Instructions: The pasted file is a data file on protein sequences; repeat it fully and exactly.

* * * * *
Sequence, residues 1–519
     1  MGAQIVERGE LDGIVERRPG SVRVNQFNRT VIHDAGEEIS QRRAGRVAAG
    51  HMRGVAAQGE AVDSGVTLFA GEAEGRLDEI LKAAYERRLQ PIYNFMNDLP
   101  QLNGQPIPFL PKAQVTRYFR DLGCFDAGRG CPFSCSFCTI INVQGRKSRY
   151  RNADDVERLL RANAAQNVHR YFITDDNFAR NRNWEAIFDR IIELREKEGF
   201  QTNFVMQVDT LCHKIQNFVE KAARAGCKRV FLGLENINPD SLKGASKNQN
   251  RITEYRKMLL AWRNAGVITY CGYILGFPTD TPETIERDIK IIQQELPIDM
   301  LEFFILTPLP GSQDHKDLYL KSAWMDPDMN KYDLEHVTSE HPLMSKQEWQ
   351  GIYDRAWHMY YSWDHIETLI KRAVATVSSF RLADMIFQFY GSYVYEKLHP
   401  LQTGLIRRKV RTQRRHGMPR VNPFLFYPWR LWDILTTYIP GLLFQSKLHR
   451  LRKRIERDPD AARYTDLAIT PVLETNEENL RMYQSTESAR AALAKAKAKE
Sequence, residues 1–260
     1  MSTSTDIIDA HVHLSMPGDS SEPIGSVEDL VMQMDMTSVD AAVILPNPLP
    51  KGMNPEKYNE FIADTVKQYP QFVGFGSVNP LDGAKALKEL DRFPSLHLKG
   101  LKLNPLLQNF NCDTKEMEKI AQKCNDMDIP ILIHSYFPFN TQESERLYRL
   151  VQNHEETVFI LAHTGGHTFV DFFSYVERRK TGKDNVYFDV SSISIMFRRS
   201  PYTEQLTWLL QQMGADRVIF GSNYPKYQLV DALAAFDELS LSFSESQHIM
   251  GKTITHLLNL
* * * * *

Sequence, residues 1–519
     1  MGAQIVERGE LDGIVERRPG SVRVNQFNRT VIHDAGEEIS QRRAGRVAAG
    51  HMRGVAAQGE AVDSGVTLFA GEAEGRLDEI LKAAYERRLQ PIYNFMNDLP
   101  QLNGQPIPFL PKAQVTRYFR DLGCFDAGRG CPFSCSFCTI INVQGRKSRY
   151  RNADDVERLL RANAAQNVHR YFITDDNFAR NRNWEAIFDR IIELREKEGF
   201  QTNFVMQVDT LCHKIQNFVE KAARAGCKRV FLGLENINPD SLKGASKNQN
   251  RITEYRKMLL AWRNAGVITY CGYILGFPTD TPETIERDIK IIQQELPIDM
   301  LEFFILTPLP GSQDHKDLYL KSAWMDPDMN KYDLEHVTSE HPLMSKQEWQ
   351  GIYDRAWHMY YSWDHIETLI KRAVATVSSF RLADMIFQFY GSYVYEKLHP
   401  LQTGLIRRKV RTQRRHGMPR VNPFLFYPWR LWDILTTYIP GLLFQSKLHR
   451  LRKRIERDPD AARYTDLAIT PVLETNEENL RMYQSTESAR AALAKAKAKE
Sequence, residues 1–260
     1  MSTSTDIIDA HVHLSMPGDS SEPIGSVEDL VMQMDMTSVD AAVILPNPLP
    51  KGMNPEKYNE FIADTVKQYP QFVGFGSVNP LDGAKALKEL DRFPSLHLKG
   101  LKLNPLLQNF NCDTKEMEKI AQKCNDMDIP ILIHSYFPFN TQESERLYRL
   151  VQNHEETVFI LAHTGGHTFV DFFSYVERRK TGKDNVYFDV SSISIMFRRS
   201  PYTEQLTWLL QQMGADRVIF GSNYPKYQLV DALAAFDELS LSFSESQHIM
   251  GKTITHLLNL